Saturday, August 30, 2008

Durable Morning Tea

While reading the woes of the world and the bleak financial news on the papers this morning (not to mention Sen. John McCain's puzzling choice for VP), I sipped on what most likely the 20th infusion of 2005 Yichanghao "Ji Pin" sheng pu'er (Houde). Maybe it was the 19th or the 21st brew...I lost count. This last cup was steeped for a good 12 to 13 hours from the evening before. Its aroma and taste were still enjoyable, and the tea was drunk at room temperature.

For a vintage 2005, the dry leaves of this Yichanghao look interestingly darker than most other -- if not all -- 2005 sheng pu'er I have or tried. The beeng gives off a mild whiff of floral and straw notes. It made me wonder: is this one of those '04 - '05 Chang Tai tea that went through, as Danny Samarkand mentioned on CHA DAO, a "slight pre-processing fermentation"? [click here for the excellent 2nd installation on proper storage consideration for pu'er teas, written by Mr. Samarkand and MarshalN, as well as the ensuing discussion in the comment section, which touched briefly on the subject of Chang Tai teas]. Unless I misunderstood Danny's meaning, this '05 Yichanghao fits his opinion: the leaves are darker compared to similarly young teas, and the liquor is orange.

A very pleasant fragrance emanated from the tea liquor, which reminded me of straw, bamboo shoot, and of sweet smelling flowers. It's so fragrant that it almost felt unnatural for a young raw pu'er. Again, it made me wonder: is this more oolong or more pu'er? I couldn't be exactly sure.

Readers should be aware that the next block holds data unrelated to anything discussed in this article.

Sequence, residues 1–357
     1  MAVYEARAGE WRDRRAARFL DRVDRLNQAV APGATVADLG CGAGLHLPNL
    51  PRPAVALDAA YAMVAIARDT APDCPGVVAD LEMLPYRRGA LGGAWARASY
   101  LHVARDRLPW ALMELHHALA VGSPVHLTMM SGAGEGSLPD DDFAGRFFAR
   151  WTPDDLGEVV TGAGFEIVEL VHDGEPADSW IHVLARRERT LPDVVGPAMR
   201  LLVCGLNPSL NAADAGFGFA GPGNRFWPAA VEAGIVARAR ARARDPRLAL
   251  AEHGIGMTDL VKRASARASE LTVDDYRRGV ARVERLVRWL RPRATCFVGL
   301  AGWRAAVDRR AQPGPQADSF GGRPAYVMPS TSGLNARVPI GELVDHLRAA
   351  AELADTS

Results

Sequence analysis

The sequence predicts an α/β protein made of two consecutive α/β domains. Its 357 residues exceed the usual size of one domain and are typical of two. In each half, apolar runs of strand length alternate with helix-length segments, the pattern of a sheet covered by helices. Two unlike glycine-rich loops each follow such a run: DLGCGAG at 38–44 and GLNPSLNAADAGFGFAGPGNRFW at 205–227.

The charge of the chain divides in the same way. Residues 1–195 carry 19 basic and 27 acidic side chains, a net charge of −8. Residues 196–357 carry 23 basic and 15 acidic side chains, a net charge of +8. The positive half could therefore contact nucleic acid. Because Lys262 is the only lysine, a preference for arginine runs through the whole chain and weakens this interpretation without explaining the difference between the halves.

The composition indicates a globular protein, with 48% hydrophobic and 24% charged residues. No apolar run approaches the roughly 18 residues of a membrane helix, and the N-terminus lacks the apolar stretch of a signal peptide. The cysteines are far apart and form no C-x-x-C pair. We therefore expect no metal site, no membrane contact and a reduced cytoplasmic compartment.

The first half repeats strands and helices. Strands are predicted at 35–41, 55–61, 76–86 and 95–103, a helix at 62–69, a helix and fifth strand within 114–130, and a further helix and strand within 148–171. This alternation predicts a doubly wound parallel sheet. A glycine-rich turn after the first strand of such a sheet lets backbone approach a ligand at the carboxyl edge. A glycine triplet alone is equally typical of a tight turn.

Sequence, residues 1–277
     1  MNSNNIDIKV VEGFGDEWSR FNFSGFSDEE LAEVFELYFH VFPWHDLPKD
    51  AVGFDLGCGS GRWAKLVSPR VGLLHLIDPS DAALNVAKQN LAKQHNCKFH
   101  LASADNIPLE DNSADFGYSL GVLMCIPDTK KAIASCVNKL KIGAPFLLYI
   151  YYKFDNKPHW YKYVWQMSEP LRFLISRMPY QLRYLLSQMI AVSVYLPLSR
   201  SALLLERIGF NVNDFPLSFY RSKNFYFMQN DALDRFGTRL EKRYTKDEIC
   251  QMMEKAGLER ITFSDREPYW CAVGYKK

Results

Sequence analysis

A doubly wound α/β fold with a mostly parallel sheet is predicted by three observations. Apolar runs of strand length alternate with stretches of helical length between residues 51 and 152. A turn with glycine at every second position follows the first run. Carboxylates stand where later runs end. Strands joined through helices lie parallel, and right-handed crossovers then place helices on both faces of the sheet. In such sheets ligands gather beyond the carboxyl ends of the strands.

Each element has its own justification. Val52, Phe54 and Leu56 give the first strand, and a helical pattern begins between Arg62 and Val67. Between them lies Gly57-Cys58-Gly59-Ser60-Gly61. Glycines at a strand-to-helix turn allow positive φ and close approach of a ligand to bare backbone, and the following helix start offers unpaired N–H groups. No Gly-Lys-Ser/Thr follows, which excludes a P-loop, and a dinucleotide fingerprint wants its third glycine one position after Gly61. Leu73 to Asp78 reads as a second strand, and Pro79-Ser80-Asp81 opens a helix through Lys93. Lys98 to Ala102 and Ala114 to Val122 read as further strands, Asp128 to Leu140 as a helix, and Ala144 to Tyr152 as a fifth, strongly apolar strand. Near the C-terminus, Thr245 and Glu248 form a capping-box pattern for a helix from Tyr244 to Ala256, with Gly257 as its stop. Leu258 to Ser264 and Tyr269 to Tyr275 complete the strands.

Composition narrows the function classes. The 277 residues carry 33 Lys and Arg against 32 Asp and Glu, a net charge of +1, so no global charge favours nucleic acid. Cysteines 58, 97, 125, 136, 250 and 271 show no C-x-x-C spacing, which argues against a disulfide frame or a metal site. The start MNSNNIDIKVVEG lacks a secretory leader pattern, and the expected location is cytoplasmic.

The taste was smooth and astringency was hardly present, unless I pushed the steeping time exceedingly long. It's sweet-ish in the mouth and throat from the get go (as in no ku -- bitterness that turns to sweet sensations that one might expect from some young pu'er). The chayun and the huigan were all rather weak, but the overall package was very pleasant, actually.


On its chaqi: I felt a certain energy flow that first warmed my lower back and then it moved towards my stomach area, shoulders, chest and neck. The effect was calming and relaxing.

Conclusion: For a young pu'er, it is already approachable and ready to be enjoyed. I would think that anyone who hasn't acquired a taste for young raw pu'er should find this tea pleasant [enough].

Ageability, however, is hard to predict. There was not much strength or concentration of taste, aroma, chayun and huigan, all of which are necessary attributes that every candidate for a long-term storage should possess (or so I read). Certainly not lacking, however, is its good brewing durability. Therefore, it will be interesting to see what this tea has in store a few years from now. I should think that an investment in a few beengs could be warranted...some for immediate enjoyment and a few for a bit longer down the line.

Good compression -- not too tight or too loose. The wet leaves are healthy and intact.

What do you, dear readers, think about its aging prospect given my long-winded descriptions above?

7 comments:

Wes Crosswhite said...

Very interesting. I think that if it hasn't started in the typical young green way, then its aging is going to be equally different from the norm. Nowadays, pu-erhs seem to be crossing boundaries. I've had pu-erhs that were closer to white teas, and pu-erhs that were very close to tasting like a typical green tea. If it takes folks decades to learn how pu-erh changes over time, then these "new pu-erhs" are going to age in a mysterious and new way.